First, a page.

One morning — a few weeks after the so-called “bomb cyclone” in January had thrown record-low temperatures, high winds and thick ocean waves onto Rockaway Beach in Queens — the conditions remained gnarly. It was 35 degrees, snowing, the Atlantic Ocean was colder than normal at 38 degrees, and the winds were whipping.
Joe Falcone looked past the snow-covered sand to the surf and saw a fleet of humans bobbing up and down on boards. Dozens of them. His blood pumped hot with frustration.
“There were at least 50 guys just in my eyesight,” Mr. Falcone said, describing the scene as “mayhem.” He believes that surfing should be like a meditation. “But it’s hard when you’re sitting shoulder to shoulder with someone you don’t know. Out goes the intimacy between man and Mother Nature.”
The best New York City surfing, experts say, is between September and April. January through March can see great waves, fueled by storms at sea.
Surfing Rockaway Beach in the bitter cold used to be a solitary affair, only for locals and the hard-core. But because of a boom in popularity of the sport, the gentrification of the neighborhood and advancements in wet-suit technology (a $600, five-millimeter- thick suit can keep you warm for two hours), the frigid city surf has gotten crowded, locals say.
Back in the day, when Rockaway Beach was identified by its low-income housing, surfers had a Chinese food takeout spot, an Italian restaurant, and not much else for après-surf. But somewhere around 2011, the hipster and foodie scene exploded here. Rockaway Taco led the way, followed by a proliferation of boardwalk concession stands and food trucks, including an outpost of Roberta’s Pizza. Everything would close in winter.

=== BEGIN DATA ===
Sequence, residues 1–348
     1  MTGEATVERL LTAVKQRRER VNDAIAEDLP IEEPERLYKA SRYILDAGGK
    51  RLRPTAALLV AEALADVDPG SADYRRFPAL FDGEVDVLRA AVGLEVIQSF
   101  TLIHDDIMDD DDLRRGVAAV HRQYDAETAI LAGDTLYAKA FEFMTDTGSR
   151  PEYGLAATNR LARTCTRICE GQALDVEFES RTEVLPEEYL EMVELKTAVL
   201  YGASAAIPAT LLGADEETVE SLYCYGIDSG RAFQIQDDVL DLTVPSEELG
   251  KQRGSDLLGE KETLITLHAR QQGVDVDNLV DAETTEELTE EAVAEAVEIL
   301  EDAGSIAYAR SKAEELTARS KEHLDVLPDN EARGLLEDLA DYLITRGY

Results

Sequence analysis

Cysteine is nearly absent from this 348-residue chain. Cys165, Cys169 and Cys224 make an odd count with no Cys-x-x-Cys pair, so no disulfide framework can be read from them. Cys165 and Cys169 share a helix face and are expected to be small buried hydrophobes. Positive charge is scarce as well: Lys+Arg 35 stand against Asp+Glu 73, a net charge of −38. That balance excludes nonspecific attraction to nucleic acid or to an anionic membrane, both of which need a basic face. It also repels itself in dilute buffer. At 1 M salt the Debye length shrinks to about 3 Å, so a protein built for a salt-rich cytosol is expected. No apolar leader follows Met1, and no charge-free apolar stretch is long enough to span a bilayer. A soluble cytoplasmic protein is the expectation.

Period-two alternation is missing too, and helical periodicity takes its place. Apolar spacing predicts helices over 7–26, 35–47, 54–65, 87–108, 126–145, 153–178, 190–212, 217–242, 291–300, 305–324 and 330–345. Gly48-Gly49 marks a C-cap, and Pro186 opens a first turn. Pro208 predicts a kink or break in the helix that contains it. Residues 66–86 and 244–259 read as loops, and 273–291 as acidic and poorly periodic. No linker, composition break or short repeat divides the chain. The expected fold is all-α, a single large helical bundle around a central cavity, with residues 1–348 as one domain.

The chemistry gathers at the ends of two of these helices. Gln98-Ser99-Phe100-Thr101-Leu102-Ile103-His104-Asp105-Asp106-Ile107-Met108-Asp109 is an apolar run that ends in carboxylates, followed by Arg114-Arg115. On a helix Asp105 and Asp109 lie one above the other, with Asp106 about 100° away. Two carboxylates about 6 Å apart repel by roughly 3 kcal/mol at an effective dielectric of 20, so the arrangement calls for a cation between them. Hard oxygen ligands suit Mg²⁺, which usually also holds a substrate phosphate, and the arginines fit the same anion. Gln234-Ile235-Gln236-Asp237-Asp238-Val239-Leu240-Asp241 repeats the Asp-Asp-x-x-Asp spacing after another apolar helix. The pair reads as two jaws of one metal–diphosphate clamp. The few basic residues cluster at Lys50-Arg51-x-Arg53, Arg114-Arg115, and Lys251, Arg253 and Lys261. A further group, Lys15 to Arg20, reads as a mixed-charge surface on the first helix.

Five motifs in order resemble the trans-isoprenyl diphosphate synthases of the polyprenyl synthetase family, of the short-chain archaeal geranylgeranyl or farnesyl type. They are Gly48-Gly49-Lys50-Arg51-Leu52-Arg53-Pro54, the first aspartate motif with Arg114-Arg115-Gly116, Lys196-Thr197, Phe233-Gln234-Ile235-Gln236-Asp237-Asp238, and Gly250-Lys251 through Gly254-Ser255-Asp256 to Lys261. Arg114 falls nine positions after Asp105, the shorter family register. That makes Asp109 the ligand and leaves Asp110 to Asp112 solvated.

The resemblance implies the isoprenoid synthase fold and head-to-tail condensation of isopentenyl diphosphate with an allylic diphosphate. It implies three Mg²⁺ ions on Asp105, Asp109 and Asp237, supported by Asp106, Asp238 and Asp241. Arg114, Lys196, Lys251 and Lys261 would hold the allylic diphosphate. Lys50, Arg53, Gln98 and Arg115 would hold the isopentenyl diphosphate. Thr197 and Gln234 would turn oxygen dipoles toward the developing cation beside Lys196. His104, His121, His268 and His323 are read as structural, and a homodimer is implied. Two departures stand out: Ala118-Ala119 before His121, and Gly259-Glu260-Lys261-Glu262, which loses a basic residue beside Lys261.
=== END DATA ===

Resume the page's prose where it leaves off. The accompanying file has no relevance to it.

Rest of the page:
Starting around 2015, however, surfers started opening year-round places. Rockaway Roasters, a coffee shop serving seed-laced protein balls and gluten-free dragon fruit bowls, opened that year, followed by Rockaway Brewing Company in 2016, which soon became a community hangout, offering racks to hang boards. And in 2017, the pastry chef and surfer Tracy Obolsky opened Rockaway Beach Bakery.
The developing scene delights many, but it has brought tension out on the waves.
“The newcomers are not respecting the natives,” said Mr. Falcone, a sort-of local surf icon who builds surfboards in a garage, blocks from the beach. There’s a lot of posing in Rockaway, he said. “People think of it as an Instagram moment.”
Injuries aren’t uncommon.
When Dion Mattison, 37, of Crown Heights, is not teaching Aristotelian philosophy at the New School in Manhattan, he operates the Conatus Surf Club in Rockaway, extolling proper technique to clients. On Feb. 12, Mr. Mattison was surfing with a student when he was forced to jump off a wave to avoid hitting another surfer. Mr. Mattison’s board whipped around and hit him, ripping off part of his eyelid.
Mr. Mattison grew up riding waves in Northern California and moved to New York in 2009. Back then, the surf was quiet, he said. A connoisseur of surf culture, Mr. Mattison said that surfing has surged and waned since the 1930s. “There are moments when it peaks, and we are in that moment right now,” said Mr. Mattison, who attributes the craze partly to surf imagery in fashion.
Conatus in Rockaway (with additional outposts in California and Costa Rica) is at near-capacity with 35 clients. Mr. Mattison said he’s been surprised that so many New Yorkers are eager to pay the $120 hourly fee to train with him, since he’s noticed that most surfing newcomers don’t seem interested in learning proper form.
For example, last year one of Mr. Mattison’s students needed staples in his head after “some complete ignoramus,” as described by Mr. Mattison, with “no business going for the waves he was going for,” crashed into the student. “Even if you are going to get rolled,” he said, “it’s better you get hit with your own surfboard then to hit someone else with your surfboard.”